Rodman (1983) 90 per cent of a persons communication is non-verbal.
In planning for behaviour, you need to ask yourself, How can I enhance classroom control and man-
agement through non-verbal communication? How can I best convey condence and control?
W H E N T H E Y W O N T B E H AV E A S S E R T I V E P O C K E T S 55

While teaching, become aware of the non-verbal messages you are sending. Check yourself from the
following list:
When I enter the classroom, do I walk condently, or do I slouch or frown?
Is my attention on the students, or am I more concerned about what I have to teach?
Am I relaxedhead up and eyes scanning, making eye contact with my students, or am I telegraph-
ing nervousnesseyes darting, head down, shoulders tight, hands clenched?
Is my face relaxed, open and smiling, or am I tense, even grimacing?
When I speak, is my voice rm and clear, or do I speak too loudly or too softly? Do I enunciate clearly,
or do I swallow my words? Do I welcome students with a clear Good morning, or Good afternoon,
or do I tend to mumble or say nothing? If I have a strong accent, can my students understand me?
As I teach, do I move around? Do I smile? Do I make rm eye contact when I need a student on task
and working? Do I convey relaxed control, or tension and anxiety?
What gestures do I use? Gesturing takes away the need for teacher talk. Some students become teach-
er deaf they switch off. A repertoire of gestures for, be quiet, sit down, focus here, listen, or back
to your seat, and so on, are very effective alternatives to spoken instruc-
tions. Often, just raising a hand can prevent ongoing, challenging or
disruptive behaviour. Also, ensure you have a repertoire of positive ges- T I P : Voice training can greatly
tures; for example, thumbs up, a high ve, a wink, a nod or a smileall improve your condence. A
speech and drama teacher, a voice
can powerfully reinforce the required behaviour and afrm the student
clinic or a colleague could help
at the same time.
you. Otherwise, nd a large room
and practise projecting your voice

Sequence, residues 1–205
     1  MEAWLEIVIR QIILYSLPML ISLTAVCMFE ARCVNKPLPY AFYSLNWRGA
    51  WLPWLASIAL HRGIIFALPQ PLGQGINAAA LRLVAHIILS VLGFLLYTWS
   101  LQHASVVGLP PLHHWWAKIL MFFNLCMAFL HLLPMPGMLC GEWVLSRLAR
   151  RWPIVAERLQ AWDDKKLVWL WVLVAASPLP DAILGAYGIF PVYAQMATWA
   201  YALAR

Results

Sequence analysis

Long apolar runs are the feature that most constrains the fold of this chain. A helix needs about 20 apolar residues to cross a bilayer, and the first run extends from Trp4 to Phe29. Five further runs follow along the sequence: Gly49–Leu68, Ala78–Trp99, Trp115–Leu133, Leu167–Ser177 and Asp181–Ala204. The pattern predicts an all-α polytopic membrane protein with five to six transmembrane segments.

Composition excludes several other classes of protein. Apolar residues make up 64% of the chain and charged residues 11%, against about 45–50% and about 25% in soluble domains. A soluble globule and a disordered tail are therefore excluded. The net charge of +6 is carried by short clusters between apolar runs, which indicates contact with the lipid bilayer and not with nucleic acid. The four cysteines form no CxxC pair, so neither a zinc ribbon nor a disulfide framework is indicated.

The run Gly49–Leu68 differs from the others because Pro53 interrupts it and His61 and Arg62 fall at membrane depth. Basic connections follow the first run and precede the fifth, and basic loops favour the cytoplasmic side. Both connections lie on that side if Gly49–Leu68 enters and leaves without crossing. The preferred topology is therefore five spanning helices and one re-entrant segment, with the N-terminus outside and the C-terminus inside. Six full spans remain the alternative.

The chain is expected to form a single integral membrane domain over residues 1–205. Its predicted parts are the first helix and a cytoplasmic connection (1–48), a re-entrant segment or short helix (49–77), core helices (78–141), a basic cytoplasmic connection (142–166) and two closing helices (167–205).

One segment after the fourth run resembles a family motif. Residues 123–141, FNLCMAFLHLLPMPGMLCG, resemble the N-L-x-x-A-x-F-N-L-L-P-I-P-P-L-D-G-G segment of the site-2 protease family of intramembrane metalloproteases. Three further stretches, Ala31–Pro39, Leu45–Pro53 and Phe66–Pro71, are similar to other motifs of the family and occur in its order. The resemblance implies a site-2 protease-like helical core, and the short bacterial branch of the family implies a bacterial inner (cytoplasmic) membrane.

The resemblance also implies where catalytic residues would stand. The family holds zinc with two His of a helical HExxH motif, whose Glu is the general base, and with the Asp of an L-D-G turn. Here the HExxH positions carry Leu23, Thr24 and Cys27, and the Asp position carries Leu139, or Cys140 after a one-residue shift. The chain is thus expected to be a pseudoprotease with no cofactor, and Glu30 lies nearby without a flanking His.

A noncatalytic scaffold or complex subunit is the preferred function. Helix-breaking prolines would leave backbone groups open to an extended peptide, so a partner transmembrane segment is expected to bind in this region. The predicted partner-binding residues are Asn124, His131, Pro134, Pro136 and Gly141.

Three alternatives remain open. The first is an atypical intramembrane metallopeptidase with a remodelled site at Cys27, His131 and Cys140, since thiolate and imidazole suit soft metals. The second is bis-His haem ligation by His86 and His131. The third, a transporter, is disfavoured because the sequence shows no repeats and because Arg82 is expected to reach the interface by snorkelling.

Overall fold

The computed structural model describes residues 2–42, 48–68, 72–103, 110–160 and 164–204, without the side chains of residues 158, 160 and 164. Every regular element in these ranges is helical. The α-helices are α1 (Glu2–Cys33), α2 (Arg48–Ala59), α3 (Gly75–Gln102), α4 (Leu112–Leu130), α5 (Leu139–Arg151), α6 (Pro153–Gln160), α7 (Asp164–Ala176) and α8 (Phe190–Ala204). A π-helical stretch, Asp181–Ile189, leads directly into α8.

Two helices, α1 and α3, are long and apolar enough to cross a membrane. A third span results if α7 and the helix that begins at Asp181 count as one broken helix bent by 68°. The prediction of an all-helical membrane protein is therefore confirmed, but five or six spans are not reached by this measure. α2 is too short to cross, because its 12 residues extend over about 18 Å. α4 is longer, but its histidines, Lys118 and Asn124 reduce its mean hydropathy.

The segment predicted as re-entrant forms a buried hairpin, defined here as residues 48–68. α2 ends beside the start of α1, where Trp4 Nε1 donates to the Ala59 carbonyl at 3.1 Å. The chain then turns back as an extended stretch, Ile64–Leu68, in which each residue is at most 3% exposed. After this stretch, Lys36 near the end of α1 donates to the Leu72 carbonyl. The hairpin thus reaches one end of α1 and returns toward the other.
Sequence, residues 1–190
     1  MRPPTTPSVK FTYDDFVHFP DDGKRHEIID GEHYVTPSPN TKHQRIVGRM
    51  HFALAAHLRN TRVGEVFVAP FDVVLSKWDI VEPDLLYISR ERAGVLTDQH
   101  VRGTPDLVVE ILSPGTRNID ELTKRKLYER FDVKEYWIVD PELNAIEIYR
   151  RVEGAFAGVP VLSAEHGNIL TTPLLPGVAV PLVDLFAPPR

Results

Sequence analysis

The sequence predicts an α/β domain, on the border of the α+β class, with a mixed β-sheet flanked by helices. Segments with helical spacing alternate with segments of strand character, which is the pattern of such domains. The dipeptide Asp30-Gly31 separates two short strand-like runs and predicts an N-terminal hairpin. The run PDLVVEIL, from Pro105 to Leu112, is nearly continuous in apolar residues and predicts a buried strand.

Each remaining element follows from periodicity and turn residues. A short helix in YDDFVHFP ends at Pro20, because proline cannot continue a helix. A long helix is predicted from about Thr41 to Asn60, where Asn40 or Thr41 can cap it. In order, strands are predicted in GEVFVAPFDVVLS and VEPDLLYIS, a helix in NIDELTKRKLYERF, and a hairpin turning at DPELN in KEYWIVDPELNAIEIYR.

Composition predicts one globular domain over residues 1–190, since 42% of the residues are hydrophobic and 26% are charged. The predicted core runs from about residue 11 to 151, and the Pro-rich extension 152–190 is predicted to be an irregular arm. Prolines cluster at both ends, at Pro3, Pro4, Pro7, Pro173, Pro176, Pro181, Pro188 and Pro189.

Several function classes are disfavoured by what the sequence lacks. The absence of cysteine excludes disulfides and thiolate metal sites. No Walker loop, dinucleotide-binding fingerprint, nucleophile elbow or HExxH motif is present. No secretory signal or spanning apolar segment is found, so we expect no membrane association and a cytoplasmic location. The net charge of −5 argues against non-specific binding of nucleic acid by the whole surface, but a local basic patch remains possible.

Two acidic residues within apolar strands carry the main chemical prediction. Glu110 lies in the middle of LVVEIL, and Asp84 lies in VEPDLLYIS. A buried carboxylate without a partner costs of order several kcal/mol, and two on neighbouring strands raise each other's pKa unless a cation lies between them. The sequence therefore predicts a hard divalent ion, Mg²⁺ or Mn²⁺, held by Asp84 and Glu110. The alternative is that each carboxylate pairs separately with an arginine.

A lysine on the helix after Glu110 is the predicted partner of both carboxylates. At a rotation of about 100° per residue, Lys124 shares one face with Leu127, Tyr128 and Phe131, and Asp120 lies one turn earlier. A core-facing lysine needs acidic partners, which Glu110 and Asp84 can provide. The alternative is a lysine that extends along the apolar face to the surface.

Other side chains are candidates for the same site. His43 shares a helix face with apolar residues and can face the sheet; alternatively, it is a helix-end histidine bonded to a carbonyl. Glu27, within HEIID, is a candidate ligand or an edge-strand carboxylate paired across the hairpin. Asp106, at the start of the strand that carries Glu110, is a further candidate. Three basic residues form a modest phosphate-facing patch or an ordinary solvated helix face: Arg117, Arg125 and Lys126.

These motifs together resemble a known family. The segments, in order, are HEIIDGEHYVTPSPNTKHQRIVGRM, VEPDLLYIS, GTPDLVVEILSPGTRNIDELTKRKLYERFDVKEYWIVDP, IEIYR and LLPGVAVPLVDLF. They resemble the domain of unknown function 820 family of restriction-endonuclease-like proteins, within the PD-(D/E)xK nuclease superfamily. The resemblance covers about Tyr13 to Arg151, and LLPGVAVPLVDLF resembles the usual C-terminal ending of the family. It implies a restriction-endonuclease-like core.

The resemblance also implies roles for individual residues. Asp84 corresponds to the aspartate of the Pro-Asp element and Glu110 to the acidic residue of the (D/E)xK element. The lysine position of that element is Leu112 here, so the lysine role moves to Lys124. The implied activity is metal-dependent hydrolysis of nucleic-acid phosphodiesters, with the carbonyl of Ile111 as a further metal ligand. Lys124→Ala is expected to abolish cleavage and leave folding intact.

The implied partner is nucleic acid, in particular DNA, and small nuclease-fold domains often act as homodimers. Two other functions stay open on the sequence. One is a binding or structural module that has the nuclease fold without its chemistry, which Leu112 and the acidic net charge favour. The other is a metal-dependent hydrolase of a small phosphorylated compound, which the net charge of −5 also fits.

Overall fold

Every teacher, at some time, will face a student or class that arouses feel-
while speaking quietly, loudly,
ings of anxiety and uncertainty. Stand tall and have a behaviour plan; rmly, etc. Think clarity and
remember that no matter how anxious or nervous you are, taking space control as you practise.
and pausing gives you the chance to think when caught up in the moment.
It also conveys a sense of control and condence to students.
It is equally important to tune-in to your students non-verbal commu- T I P : You will not always know
nication, both the obvious and unconscious. Chapter 6 will focus on this. what to dothats okay, because
condently taking space enables
Self-talk you to nd a way to manage.
Students who ignore, or inappropriately challenge, can easily raise a teach-
ers ire, and the impulse to retaliate or defend is strong. When a teachers
reactions are controlled by their emotions, it is the student who is running the show. In this situation,
when students confront or challenge, when your feelings are aroused and are driving your responses
and actionsan emotionally charged situationuse self-talk to regain control of yourself and the
Unhelpful self-talk feeds into those rising emotions and ensures that you are hooked.
Helpful self-talk enables you to unhook, get the egg in balance and manage the emotions and then
manage the situation. Actually say the words in your head; for example:


1 A student is leaning back on his chair and saying, This is stupid . . . etc.
How dare he say that! Its rude! Ive put so Im getting angry. Stay calm. Dont get hooked
much work into this. Hes going to do it, and in. I need this student on side and working.
Im going to make him! I need to apply my skills.
56 C O AT O F M A N Y P O C K E T S


2 A student enters the class, laughing loudly and joking, then proceeds to move the furniture to
suit him, interfering with your careful desk arrangement.
How dare he move the desks? Who does he I dont like this behaviour. Im fed up with him
think he is, coming into class like that? Ill show but Im not going to take it personally. Im in
him whos boss here! I hate this kid in my class. control. Ill use my pockets to teach him to act
He ruins everything! differently.

The key is to put aside the negative thoughts that the student is triggering in your mind, and refuse to
be hooked by them. Self-talk enables you to challenge your thinking and reframe your mindset so that
you can change your reaction and maintain control.

1 Acknowledge your feelings.

2 Self-talk aloud in your head.
3 Tell yourself how you are going to handle this.

Prepare a couple of self-talk phrases that can help you through most situations. Have them ready for